Les Brown: April Showers
Les Brown and his Orchestra
Les Brown and his Orchestra 1949, Vol. 2 (Hindsight HCD 131)
Wes Hensel, Frank Beach, Bob Fowler, Bob Higgins (trumpets), Ralph Pfeffner, Stumpy Brown, Ray Klein (trombones), Ronnie Lang (alto sax), Eddie Scherr (tenor sax), Butch Stone (baritone sax), Tony Rizzi or Bobby Gibbons (guitar), Ray Leatherwood (bass), Jack Sperling or Dick Shanahan (drums), Jimmy Wallington (announcer).
Composed by Buddy De Sylva & Louis Silvers; arranged by Skip Martin.
Recorded: Los Angeles, 1949
Rating: 92/100 (learn more)
After establishing himself as a freelance arranger in New York, Les Brown led a pretty good orchestra. Having Doris Day as a vocalist for two periods during the '40s further enhanced his reputation, and her vocal on "Sentimental Journey" helped turn that recording into one of the biggest hits of the big band era. Brown disbanded in 1946 but reformed because he couldn't get out of a major engagement. When selected to be the house band for the Bob Hope radio show, Brown was able to keep his orchestra together for many years with minimal touring. He later said that the unit he led in the '50s was the best he ever had, but his group during the late '40s was a strong one that made excellent recordings and left many air checks.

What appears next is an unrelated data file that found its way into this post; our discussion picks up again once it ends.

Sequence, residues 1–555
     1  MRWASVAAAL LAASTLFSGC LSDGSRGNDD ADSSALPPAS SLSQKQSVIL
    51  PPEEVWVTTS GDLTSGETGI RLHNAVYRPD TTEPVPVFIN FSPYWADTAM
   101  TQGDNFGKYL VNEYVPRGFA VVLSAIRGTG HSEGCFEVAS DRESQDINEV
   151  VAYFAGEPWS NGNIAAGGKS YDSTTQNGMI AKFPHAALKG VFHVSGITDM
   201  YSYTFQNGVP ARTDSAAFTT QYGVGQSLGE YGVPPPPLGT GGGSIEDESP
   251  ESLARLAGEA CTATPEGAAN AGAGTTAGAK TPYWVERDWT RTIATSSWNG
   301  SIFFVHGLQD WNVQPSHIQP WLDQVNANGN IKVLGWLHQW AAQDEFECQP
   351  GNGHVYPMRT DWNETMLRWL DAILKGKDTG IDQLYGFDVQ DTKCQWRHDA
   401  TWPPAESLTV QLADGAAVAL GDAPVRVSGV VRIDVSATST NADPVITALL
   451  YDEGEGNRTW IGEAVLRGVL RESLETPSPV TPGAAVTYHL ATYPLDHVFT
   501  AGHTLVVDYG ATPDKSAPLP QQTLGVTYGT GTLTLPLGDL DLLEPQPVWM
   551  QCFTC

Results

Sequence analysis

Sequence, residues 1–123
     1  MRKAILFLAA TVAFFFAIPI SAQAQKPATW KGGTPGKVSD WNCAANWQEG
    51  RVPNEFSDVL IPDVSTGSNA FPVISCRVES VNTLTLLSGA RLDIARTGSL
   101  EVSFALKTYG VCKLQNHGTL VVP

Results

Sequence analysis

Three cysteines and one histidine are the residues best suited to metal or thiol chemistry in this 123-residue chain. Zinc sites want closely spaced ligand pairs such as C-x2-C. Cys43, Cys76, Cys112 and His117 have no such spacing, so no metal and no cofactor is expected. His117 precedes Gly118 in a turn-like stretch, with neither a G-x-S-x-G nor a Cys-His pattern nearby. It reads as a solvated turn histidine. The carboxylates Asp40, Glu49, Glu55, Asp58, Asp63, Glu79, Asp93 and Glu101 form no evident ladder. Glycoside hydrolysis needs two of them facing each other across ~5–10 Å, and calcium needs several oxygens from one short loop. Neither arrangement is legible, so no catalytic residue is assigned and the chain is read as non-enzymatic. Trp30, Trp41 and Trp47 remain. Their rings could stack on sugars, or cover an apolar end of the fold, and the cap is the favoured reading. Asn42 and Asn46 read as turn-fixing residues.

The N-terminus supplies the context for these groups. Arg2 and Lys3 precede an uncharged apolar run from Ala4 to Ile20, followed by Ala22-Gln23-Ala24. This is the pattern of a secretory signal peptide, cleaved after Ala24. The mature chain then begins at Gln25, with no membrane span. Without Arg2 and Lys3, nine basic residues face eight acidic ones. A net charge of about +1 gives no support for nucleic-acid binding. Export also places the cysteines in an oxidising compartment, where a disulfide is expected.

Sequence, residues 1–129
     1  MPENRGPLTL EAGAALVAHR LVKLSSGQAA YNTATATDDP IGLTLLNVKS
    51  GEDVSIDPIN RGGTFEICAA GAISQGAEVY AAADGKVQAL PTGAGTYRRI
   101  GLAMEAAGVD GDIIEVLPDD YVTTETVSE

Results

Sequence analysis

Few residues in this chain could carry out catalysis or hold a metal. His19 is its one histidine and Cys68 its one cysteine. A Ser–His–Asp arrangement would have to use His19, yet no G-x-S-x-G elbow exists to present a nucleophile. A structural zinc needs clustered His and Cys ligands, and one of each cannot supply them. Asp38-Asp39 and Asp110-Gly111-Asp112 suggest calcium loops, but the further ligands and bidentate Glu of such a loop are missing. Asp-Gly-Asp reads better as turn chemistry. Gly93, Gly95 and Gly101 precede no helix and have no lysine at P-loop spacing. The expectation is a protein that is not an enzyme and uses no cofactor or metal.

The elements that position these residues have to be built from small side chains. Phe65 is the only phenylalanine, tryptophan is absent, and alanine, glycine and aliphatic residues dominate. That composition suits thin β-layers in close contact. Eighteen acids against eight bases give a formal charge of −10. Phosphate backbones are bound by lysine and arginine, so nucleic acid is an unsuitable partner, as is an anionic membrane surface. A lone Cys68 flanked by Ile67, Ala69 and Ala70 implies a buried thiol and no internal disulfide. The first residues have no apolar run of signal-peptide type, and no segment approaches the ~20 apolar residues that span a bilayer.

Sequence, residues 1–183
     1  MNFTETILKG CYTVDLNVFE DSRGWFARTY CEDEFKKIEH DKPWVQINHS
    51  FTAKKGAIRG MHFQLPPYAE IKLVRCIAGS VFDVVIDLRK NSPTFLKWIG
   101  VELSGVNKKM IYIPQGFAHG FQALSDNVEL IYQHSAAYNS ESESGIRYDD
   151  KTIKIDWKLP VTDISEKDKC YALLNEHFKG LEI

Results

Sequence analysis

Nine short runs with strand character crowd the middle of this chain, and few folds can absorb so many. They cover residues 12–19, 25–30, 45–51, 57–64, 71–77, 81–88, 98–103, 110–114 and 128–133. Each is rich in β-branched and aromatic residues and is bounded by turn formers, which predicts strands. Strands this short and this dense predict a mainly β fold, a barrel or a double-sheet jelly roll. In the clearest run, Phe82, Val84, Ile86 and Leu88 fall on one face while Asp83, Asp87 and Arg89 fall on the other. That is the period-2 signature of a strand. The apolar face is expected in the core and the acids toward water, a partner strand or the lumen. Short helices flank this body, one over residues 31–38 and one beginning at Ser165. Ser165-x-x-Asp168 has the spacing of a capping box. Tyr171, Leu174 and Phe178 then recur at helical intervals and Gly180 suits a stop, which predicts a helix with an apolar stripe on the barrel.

Brown also made many transcriptions for radio play only, which allowed him to record arrangements that he normally played on dance jobs. Skip Martin had written for Count Basie, Charlie Barnet, Benny Goodman, and the Pied Pipers. He would continue to write for Brown during the '50s and was the resident jazz arranger for MGM studios at the same time. Martin always turned in beautiful, exciting arrangements for any ensemble, and his arrangements for Brown are uniformly excellent.
After a short intro, the band plays the melody of this standard in 2-beat style, eventually leading to four by the second chorus. Solos are by trombonist Ray Sims, tenorman Dave Pell, and the gorgeous clarinet of Abe Most. Also outstanding are Geoff Clarkson's piano punctuations. The out chorus is powerful and jumps like crazy. It is no wonder that Les Brown's ensemble is now considered one of the top big bands of all time.
Reviewer: Jeff Sultanof